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Doctor of Philosophy




Prof. Tamie L Poepping; Prof. James C Lacefield


Accurate estimation of low 3D blood velocities, such as near the wall in recirculation or disturbed flow regions, is important for accurate mapping of velocities to improve estimations of wall shear stress and turbulence, which are associated risk factors for vascular disease and stroke. Doppler ultrasound non-invasively measures blood-velocities but suffers from two major limitations addressed in this thesis. These are angle dependence of the measurements, which requires the knowledge of beam-to-flow angle, and the wall-filter. The high-pass wall filter that is applied to attenuate the high-intensity low-frequency signal from tissue and slowly moving vessel wall also attenuates any low velocity signals from blood thus causing inaccurate estimation of these velocities. This thesis presents two methods to alleviate the angle-dependence limitation and to minimize the effect of the wall filter on low blood-velocity estimates: a multi-receiver technique – vector Doppler ultrasound (VDUS), and a novel method called aperture-translation technique.

For the first method – VDUS, theoretical and experimental studies were performed to assess the comparative benefit of three to eight receivers (3R–8R) in Doppler ultrasound configurations in terms of the number of receiver beams, inter-beam angle, and beam- selection method (criterion for discriminating between tissue and blood Doppler signals) for a range of velocity orientations. Accuracy and precision for ≥5 receivers were consistently better over all flow velocity orientations and for all beam-selection methods. Asymmetry in the 5R configuration led to improved accuracy and precision compared to symmetrical 6R and 8R configurations.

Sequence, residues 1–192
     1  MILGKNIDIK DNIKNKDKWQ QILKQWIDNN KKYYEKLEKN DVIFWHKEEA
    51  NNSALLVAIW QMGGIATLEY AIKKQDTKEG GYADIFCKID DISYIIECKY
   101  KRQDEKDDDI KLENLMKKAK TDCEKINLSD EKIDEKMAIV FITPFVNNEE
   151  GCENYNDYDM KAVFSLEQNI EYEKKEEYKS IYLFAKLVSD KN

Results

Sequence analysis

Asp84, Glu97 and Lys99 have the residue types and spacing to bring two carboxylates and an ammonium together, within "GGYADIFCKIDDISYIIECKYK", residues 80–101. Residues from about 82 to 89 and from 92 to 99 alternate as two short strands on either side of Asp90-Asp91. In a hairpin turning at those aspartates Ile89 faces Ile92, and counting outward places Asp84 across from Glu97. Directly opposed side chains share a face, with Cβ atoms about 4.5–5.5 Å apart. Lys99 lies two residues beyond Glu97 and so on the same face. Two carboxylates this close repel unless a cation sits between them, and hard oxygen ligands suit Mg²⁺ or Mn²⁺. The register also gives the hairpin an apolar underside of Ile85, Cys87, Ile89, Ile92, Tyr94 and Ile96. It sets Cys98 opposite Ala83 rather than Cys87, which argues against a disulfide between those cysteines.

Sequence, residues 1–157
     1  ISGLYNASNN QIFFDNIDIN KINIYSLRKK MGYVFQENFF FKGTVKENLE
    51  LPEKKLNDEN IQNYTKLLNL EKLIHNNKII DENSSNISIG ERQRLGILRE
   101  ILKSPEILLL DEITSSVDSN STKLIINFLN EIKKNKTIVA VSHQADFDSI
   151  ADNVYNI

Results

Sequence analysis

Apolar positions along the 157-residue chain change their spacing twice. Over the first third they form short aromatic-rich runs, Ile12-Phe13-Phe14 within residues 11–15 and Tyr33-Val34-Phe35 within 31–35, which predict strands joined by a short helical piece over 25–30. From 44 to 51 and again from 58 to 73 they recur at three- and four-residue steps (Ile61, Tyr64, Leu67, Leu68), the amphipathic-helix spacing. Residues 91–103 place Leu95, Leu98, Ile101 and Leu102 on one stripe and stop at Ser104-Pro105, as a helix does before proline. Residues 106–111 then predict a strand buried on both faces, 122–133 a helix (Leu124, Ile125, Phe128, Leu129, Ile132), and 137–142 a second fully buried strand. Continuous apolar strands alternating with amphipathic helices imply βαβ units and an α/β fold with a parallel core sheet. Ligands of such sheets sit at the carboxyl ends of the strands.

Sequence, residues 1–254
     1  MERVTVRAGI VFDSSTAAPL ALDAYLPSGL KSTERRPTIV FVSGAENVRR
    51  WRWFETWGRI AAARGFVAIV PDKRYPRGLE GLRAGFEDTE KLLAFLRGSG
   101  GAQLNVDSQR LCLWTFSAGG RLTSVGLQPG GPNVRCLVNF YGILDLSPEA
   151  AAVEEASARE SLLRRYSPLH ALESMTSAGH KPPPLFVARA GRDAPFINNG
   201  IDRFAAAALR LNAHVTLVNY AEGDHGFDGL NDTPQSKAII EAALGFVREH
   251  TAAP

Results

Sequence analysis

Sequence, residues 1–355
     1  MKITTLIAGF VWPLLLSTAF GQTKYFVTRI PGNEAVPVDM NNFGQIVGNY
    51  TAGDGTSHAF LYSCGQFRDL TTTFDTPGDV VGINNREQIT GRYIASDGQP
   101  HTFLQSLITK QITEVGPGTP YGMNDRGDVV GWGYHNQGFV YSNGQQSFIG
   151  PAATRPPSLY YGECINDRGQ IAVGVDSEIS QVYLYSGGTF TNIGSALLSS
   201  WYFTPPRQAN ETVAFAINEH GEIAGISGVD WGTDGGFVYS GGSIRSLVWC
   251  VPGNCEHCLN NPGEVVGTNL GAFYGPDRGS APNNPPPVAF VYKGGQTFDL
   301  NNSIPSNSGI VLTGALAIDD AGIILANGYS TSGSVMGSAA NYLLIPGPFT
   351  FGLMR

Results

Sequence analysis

Second, a novel 2D-VDUS aperture-translation technique using mechanical or electronic translation of the transmit-receive apertures was introduced and assessed experimentally. Both versions of the technique outperformed the conventional 2D-VDUS method for detection of low flow velocities in terms of accuracy and precision. The electronic version, which is more relevant and feasible clinically, showed comparable reliability and better accuracy compared with the idealized mechanical version, therefore suggesting its potential for future development. This work demonstrated that a minimum of five receivers, preferably with an inherent asymmetry with respect to the flow direction, should be considered when designing a 2D-array configuration for improved estimation of low velocities. For estimation of low velocities not measurable with conventional VDUS methods, the aperture-translation technique could be a potential candidate.

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